Malls have transformed the landscape of Malaysia since perhaps the beginning of the 1980s when the American and Japanese businesses began to dominate the economy. Traditional Malay stores that sell goods produced by family-run cottage industries had to give way to the malls that brought a new meaning to the concept of buying and consuming.

The traditional Malay ‘bazaar’ or pasar, where customers could bargain and the products were cheap, gave way to modern malls that sell not only products but also transmit values and transform the meaning of consumption. Shopping at these malls often require the consumers to possess credit cards. Classes of people have different classes of cards and credit limits. The idea of cultural imperialism is clear: Malaysians are cleverly socialised into becoming good modern consumers that buy products made to identify them with varying classes and social status. Hence the upper class Malaysian will buy Gucci, Lou Votton, and Ferragamo, and those of the lower class will buy Padang Besar/Golok-made imitations of these products.

Sometimes one can’t tell the difference, exemplifying the expertise of the Thais. If I wear an imitation Tommy Hilfigher tie and imitation Santoni shoes, people will not question the authenticity of what I am wearing, as compared to say, the electronic factory worker who wears authentic branded clothing bought with a year’s savings. This is the power of brand-name perception that has and continues to shape our consciousness.

The mall is then like an education institution that cleverly and ‘common-sensically’ socialises the buyer into a utopia of consumerism under the one-roof of a fantasy-like environment/paradise of shopping quite different from the Malaysian reality outside - especially in the slumps of Kuala Lumpur or Johor Bahru. Herein lies the imperialising power of the Western (American and European) and Eastern (Japanese and Korean) business interests that structure and define the culture of mass consumption, so that to be a modern Malaysian means one must consume and be consumed by the products of the culture industry. Ideology of mass consumption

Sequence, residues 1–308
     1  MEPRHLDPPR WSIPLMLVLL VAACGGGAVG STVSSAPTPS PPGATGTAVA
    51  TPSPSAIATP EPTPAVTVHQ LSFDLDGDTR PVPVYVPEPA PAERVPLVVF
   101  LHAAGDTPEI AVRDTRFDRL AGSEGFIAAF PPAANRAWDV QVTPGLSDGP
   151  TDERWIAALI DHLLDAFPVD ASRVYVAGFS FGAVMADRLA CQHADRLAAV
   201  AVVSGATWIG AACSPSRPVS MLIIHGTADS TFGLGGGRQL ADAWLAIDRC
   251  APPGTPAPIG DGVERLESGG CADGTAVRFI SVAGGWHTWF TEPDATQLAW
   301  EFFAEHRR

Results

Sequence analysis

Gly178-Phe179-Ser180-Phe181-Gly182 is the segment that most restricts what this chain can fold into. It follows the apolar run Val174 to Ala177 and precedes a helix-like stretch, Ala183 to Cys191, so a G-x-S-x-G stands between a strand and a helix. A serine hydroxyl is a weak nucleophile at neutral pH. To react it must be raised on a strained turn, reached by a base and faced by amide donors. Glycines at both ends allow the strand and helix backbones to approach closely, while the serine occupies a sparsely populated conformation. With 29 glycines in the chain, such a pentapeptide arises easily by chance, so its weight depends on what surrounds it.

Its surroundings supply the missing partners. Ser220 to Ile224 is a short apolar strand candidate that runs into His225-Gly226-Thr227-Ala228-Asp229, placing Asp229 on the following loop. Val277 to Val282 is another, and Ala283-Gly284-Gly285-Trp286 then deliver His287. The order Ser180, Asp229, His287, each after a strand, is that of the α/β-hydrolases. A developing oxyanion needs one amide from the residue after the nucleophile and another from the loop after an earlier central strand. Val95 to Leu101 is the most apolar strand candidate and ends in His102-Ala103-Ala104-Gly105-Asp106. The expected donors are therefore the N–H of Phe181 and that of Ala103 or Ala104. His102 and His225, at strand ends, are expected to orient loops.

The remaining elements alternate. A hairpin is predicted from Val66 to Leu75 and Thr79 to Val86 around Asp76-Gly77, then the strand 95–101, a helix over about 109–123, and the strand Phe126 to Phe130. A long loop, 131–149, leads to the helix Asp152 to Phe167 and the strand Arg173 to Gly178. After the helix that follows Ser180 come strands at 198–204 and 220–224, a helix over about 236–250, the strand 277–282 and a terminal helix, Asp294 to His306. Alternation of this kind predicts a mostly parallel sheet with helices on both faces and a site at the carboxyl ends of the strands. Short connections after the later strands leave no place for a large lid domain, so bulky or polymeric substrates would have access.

The malls are like cultural installations that attempt to install the ideology of mass consumption. In Malaysia, the transformation is now clear; along Bintang Walk, for example, one can feel like walking down New York City with the signs and symbols of Western and Eastern capitalist interests dominating and inscribing the landscape. One can see McDonalds, Starbucks, Hard Rock Café, Marriot Hotel, Tower Records, Holiday Inn, and hundreds other signs, symbols, and representations of global capitalism sprawled in-between major malls such as KLCC Suria, and Mid-Valley Mega-Mall.

These cultural-industrial complexes and the hundreds of billboards that sell products of the cultural industry are evidence of the way foreign cultures imperialise. The malls of Malaysia provide an outlet for Malaysians who are “depressed” or lived a stressful life to be happier and tranquilised by the pleasant shopping experience and environment (only to be even more depressed and saddened later for overspending and having to face their spouses’ wrath).